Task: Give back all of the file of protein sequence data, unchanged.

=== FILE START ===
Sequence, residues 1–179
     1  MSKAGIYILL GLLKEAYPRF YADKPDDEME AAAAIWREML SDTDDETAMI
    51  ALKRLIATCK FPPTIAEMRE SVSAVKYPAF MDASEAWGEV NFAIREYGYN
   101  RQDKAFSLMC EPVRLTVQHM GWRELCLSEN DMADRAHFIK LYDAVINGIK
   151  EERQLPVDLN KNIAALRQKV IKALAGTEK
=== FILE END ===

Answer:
Sequence, residues 1–179
     1  MSKAGIYILL GLLKEAYPRF YADKPDDEME AAAAIWREML SDTDDETAMI
    51  ALKRLIATCK FPPTIAEMRE SVSAVKYPAF MDASEAWGEV NFAIREYGYN
   101  RQDKAFSLMC EPVRLTVQHM GWRELCLSEN DMADRAHFIK LYDAVINGIK
   151  EERQLPVDLN KNIAALRQKV IKALAGTEK